Saturday, January 20, 2007

Lost and Found

I managed to sleep until 5:30a this morning. About 7:30 I decided to go for a walk around town. I like getting off the main roads in KTM because there's hundreds of smaller streets and paths that don't show up on any maps. You can wander about for hours and pass lots of interesting domestic scenes as the towns wakes up.

This morning it was very cold, I'm guessing about 40. There was heavy fog and overcast skies as well. I was walking around with my camera, stopping to take pictures every so often. I pride myself on a good sense of direction and the whole time I kept an eye on the direction of Hotel Tibet. After a mile or so, knowing where I was, or so I thought, I imagined writing a post later in the day, like this one, about how I had gained the ability to walk anywhere in this town without getting lost. Why don't I know any better?

I decided to turn back and I began taking the steps I thought would lead me back to a main road. I couldn't find it and suddenly I was in Nayabazaar, an area I couldn't remember seeing on a map. Then I crossed the Bishnumati River, which in my mind's GPS should have been far away to the south. I decided to hail a cab but strangely there were none to be found. Just as I finished the thought, I saw three young men stop a private car coming down the road. Apparently, some group (the Maoists, the taxi drivers, I don't know) had called a bandh and there were to be no vehicles on the road.

I stopped a young guy dressed in a suit and tie who was crossing the Bishnumati heading west. I asked him to point in the direction of Lazimpat. He said he would show me because he was going there too, but then he reversed direction on the bridge and we started walking back from where he had come. I thought about asking him why he had been going the other way but I didn't. Instead I said I hoped I wouldn't make him late for his interview and he assured me that wouldn't happen. He said again that he had been going to Lazimpat. Totally confused, I just walked alongside.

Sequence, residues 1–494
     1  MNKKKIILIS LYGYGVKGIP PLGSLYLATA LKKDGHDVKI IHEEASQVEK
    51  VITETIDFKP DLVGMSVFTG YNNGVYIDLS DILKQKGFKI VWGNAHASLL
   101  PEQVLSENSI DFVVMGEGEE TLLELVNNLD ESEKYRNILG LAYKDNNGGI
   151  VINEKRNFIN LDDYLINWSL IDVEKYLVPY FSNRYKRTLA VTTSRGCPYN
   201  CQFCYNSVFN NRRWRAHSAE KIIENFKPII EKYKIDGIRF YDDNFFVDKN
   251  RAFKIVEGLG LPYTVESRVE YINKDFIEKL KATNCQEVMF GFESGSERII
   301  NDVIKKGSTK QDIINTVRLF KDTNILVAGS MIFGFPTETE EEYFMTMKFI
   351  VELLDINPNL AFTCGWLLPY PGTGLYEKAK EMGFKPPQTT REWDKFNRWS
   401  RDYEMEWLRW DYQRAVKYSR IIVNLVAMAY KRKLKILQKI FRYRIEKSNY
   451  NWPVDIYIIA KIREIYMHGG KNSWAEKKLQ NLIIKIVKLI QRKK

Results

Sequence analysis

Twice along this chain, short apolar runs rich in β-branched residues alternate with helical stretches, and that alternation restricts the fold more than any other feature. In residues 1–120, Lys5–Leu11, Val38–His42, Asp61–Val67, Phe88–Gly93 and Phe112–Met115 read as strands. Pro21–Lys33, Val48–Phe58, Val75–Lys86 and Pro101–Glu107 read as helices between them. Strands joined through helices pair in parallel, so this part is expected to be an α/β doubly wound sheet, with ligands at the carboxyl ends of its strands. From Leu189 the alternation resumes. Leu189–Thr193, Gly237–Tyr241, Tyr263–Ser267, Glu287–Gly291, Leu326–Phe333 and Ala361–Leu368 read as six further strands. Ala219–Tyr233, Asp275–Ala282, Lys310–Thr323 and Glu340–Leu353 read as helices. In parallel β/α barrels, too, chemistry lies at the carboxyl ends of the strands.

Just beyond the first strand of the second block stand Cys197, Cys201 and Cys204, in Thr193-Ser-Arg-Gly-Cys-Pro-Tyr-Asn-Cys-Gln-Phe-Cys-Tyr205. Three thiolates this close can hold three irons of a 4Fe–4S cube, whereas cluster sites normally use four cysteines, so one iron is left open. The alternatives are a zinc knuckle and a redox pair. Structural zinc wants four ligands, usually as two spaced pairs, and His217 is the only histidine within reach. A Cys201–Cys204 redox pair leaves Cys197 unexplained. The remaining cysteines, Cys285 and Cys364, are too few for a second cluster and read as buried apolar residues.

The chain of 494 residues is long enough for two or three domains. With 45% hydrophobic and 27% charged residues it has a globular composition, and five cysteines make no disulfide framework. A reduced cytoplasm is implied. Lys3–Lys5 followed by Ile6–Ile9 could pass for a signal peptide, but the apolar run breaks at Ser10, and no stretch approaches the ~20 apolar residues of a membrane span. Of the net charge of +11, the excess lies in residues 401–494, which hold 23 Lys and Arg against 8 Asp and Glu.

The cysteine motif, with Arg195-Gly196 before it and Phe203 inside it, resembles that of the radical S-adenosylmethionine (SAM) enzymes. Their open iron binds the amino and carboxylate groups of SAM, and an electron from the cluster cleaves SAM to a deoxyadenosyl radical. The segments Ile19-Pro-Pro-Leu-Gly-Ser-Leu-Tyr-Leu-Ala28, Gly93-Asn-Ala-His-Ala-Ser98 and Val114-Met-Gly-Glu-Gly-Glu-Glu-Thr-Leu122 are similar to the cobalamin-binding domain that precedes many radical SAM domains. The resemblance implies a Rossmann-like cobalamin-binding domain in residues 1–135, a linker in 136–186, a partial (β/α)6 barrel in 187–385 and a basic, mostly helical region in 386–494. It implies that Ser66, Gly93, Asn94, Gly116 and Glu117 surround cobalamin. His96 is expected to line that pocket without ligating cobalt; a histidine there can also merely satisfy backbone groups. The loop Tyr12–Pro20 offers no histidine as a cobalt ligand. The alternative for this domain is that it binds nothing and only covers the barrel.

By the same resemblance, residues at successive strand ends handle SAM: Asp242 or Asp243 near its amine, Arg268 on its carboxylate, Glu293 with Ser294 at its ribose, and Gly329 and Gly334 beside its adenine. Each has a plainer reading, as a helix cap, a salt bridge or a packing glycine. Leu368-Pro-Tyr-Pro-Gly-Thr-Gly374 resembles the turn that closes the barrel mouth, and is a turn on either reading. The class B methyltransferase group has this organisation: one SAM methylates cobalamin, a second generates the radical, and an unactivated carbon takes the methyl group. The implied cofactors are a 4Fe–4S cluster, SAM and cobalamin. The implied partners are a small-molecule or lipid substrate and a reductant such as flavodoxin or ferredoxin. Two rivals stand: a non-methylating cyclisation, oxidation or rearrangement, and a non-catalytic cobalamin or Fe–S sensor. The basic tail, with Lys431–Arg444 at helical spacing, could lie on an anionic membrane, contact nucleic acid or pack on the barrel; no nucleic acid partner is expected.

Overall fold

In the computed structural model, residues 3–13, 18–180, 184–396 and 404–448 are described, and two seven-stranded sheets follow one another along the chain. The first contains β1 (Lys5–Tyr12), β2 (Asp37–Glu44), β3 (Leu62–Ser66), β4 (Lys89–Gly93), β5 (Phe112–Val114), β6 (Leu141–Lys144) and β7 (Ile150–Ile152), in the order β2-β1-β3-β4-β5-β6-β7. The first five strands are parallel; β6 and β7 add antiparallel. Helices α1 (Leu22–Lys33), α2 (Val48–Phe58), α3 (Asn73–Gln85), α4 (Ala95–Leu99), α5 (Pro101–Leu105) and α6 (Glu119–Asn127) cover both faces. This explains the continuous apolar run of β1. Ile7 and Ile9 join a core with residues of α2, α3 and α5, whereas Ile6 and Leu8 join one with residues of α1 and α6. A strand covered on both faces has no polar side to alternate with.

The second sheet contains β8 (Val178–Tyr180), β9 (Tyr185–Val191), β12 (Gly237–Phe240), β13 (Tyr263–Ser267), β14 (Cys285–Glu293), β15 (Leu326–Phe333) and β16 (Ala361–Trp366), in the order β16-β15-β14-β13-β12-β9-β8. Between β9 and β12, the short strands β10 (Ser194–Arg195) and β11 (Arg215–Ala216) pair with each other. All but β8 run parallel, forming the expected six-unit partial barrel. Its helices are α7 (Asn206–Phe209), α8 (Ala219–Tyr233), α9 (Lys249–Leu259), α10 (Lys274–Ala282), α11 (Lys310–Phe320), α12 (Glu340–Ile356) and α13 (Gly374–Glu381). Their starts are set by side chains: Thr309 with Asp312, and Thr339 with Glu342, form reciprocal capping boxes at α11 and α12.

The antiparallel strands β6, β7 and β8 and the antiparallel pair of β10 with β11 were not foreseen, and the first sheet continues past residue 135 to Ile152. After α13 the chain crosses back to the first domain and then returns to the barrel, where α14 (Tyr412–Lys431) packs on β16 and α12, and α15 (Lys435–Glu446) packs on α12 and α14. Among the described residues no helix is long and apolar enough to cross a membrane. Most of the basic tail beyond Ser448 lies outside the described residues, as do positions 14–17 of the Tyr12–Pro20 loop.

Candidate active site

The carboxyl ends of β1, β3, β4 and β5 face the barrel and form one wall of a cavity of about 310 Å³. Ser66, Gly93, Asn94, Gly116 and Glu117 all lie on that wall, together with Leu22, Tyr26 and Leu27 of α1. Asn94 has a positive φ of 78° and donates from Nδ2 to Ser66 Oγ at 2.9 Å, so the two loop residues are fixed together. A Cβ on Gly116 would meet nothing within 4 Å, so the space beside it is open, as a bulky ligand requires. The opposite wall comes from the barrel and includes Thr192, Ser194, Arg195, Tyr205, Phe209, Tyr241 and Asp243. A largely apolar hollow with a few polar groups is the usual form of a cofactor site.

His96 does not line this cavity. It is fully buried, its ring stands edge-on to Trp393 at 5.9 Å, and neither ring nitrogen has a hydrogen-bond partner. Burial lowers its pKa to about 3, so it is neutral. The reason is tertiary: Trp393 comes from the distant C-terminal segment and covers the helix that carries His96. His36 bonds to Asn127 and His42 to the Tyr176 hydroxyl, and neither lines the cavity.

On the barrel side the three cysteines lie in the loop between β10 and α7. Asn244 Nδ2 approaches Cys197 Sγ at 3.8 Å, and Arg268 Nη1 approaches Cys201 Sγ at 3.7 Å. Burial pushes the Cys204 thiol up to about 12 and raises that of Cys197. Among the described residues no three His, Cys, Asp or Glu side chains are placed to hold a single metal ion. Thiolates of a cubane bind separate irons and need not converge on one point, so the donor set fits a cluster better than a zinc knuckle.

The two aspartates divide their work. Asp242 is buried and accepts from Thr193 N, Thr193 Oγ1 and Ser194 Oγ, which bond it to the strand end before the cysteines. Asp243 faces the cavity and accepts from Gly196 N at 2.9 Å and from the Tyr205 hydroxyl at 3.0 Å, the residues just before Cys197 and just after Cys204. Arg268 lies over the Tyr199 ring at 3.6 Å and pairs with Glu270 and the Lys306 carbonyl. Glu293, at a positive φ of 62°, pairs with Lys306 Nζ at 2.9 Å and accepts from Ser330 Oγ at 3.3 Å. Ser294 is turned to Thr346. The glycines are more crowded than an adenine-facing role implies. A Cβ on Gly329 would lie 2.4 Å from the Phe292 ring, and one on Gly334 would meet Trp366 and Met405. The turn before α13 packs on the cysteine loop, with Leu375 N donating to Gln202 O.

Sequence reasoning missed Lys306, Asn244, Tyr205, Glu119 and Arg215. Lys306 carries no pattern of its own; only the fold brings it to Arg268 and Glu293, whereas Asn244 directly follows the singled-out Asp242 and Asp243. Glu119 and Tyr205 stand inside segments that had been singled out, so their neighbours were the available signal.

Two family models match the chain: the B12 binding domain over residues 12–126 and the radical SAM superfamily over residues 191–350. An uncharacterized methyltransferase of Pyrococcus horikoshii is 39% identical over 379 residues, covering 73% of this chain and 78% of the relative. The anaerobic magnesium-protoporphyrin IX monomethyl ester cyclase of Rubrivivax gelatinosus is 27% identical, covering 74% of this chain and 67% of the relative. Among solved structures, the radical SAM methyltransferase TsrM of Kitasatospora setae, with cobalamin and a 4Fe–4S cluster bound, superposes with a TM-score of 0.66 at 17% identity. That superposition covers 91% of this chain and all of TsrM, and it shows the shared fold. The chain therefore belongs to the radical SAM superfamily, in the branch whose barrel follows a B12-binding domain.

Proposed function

The man's name was Amar Gurung and he had just come back from Dubai where he, like many Nepalis, was working construction. He said he quit his job, which I thought was unlikely since so many Nepalis are leaving for the UAE every day. We made pleasant conversation until I realized we had found Leknath Marg, a road not far from Hotel Tibet. As we drew near, I bid Amar goodbye and he continued on. I felt a short bit of uncertainty because I am not used to that kind of assistance. Did Amar expect a tip or payment? Not that I could tell. But then how often does someone walk you 15 minutes out of his way to show you the way home?



John said...

Just a safety tip for the future which will lower the probability of your getting lost: contiuously videotape the places that you're going to. Just keep the video recorder going the entire time. That way, you'll have footage to review should you need to retrace your footsteps. How do I know this works? Well, for one thing, it's the reason our family home movies include 37,000 feet of film of the 1/4 mile walk from the ferry to the base of the Statue of Liberty. Glad you made it there safe--wish I could have joined you--and sorry I missed your call from NYC as well. Love, JB

Carole said...

I am so happy your trip was safe and fairly uneventful. Don't talk to any more strangers though! Keep up the good work getting the news out on the blog. AML, Mom

Irwin and Ruth said...

Thinking of you! Hopefully, all problems will be at the beginning of the trip and the rest will go well! Feel better, stay warm, and get those taxis moving! By the way, the carmel rolls were awesome. Enjoying the time with Jen. Love, Ruth